The third time the bang on the door was so hard that it pushed the door completely open, and there stood the most frightening thing Rufus had ever seen. Suddenly a boom of thunder shook the cabin and lightning began to flash, framing the massive shape now standing in the open doorway.
Rufus began whimpering from fright and that made the old woman stir in her sleep. She reached down to pet Rufus as she did every night and then quietly went back to sleep. The frightening figure started walking through the doorway and made its way over to the fireplace. Two bony hands came out from under a tattered old black raincoat and began warming themselves in front of the fire. This was definitely enough to scare Rufus, but what came next nearly scared him right out of his hide. The bony arms drew closer to the fire and Rufus saw that they were attached to NOTHING. Just two shiny, bony arms floating in the air.
Rufus began whimpering louder and louder, hoping to wake the old woman. She stirred again in her sleep and reached down to pet him, but immediately fell back into a deep sleep. Rufus was becoming frantic watching the apparition that seemed to content itself with the fire.
Finally the figure drew its arms back beneath the coat and turned to stare directly at Rufus. Rufus began to shake like a twig in a thunderstorm. The figure began to move closer to the bed where the old woman slept and where Rufus lay shivering next to her.
Bright flashes of lightning lit up the small cabin and Rufus was able to plainly see that this was no human that had invaded their safe little sanctuary. The apparition looked like a monster, at least that’s what Rufus thought it was when he saw its head stitched onto its body and a big spike protruding through its throat. This was the scariest thing Rufus had ever encountered, and instead of barking loudly to scare the intruder away, he was shaking like a leaf and his teeth were chattering a rat-a-tat-tat tune.
The monster continued walking towards the old woman, his boots clanking from the chains wrapped around them. Rufus wet himself with fright and cowered so low he almost disappeared under the bed. If he had been able to, he would have. Or at least headed for the open door and an escape route. But he was frozen stiff, and mesmerized at the same time, as he began to get the sensation that this monster did not come to harm either of them, but somehow was connected to this place.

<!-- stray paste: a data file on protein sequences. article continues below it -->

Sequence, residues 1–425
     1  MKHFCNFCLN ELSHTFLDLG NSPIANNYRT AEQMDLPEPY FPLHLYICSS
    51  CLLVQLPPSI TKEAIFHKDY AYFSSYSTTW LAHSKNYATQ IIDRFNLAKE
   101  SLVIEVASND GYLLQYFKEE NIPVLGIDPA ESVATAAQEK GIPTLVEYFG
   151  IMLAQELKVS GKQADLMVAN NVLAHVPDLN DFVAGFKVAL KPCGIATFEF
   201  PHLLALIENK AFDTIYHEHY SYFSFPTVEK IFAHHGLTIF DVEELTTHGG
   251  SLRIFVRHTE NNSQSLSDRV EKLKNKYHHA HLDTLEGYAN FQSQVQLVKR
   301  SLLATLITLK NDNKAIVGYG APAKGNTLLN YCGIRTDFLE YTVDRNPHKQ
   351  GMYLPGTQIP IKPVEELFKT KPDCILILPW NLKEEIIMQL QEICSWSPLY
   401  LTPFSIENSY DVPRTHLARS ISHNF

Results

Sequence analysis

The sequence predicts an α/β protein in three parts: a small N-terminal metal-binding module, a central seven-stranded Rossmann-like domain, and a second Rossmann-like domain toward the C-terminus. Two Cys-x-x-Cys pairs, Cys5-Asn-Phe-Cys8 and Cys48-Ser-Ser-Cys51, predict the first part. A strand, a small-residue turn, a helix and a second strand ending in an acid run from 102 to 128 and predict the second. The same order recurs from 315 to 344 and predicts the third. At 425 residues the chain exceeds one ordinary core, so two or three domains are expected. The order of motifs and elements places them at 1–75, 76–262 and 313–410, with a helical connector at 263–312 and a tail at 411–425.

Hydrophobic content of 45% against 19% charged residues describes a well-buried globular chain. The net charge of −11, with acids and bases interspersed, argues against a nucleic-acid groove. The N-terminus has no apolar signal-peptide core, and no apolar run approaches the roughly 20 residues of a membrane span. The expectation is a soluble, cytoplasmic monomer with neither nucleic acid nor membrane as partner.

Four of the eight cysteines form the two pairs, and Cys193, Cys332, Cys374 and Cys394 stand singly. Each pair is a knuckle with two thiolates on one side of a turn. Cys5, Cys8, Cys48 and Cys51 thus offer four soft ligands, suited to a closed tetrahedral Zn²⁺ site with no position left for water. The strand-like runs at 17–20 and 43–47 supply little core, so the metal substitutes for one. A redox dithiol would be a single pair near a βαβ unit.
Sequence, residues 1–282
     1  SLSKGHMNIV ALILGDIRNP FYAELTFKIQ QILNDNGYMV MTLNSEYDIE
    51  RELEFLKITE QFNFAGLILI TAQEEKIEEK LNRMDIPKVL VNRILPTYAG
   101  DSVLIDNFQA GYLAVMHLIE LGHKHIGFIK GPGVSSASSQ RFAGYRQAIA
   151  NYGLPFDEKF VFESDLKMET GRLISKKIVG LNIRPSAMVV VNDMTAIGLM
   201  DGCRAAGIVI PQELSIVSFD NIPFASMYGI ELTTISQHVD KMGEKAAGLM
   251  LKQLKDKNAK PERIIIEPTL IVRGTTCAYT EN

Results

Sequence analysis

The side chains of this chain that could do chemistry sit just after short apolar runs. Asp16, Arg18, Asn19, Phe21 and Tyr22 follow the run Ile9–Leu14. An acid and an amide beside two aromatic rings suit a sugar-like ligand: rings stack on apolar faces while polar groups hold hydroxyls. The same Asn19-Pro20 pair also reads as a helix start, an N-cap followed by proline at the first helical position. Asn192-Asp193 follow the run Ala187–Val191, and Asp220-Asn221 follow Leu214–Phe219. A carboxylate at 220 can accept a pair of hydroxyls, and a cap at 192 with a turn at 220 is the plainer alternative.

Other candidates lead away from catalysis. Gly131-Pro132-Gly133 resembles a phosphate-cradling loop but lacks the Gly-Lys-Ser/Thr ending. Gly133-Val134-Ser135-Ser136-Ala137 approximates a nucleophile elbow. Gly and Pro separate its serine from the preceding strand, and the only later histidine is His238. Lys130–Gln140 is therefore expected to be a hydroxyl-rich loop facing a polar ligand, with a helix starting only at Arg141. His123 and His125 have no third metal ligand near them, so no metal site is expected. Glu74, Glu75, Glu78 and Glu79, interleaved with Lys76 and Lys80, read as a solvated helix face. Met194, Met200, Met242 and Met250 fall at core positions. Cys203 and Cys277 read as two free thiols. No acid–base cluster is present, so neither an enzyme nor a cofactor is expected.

Just then the old woman woke with a start, looked up and screamed “Rufus!”. Poor Rufus was still so frightened that he couldn’t move to protect his companion. Then the old woman smiled broadly and said, “Rufus, you’ve come back to me.” The monster moved to the side of the bed, held out his bony arms and hugged the old woman as tightly as he could without his arms coming completely off again. It was then that Rufus Junior realized this must be the ghost of the old woman’s husband, the first Rufus. Just when he had gathered enough courage to sit up and say hello to this new arrival, the old Rufus began to slowly fade away until there was nothing left standing by the bed.
The old woman began to softly cry, but not tears of sadness. She looked at Rufus Junior and said, “My dear Rufus, that was my loving and faithful husband, come back from the grave on this Halloween night to be sure I was safe from any witches or goblins that might be roaming the mountains tonight”. Rufus jumped up and licked the old woman all over the face. He was so happy that this Halloween was not his last and that all monsters are not evil.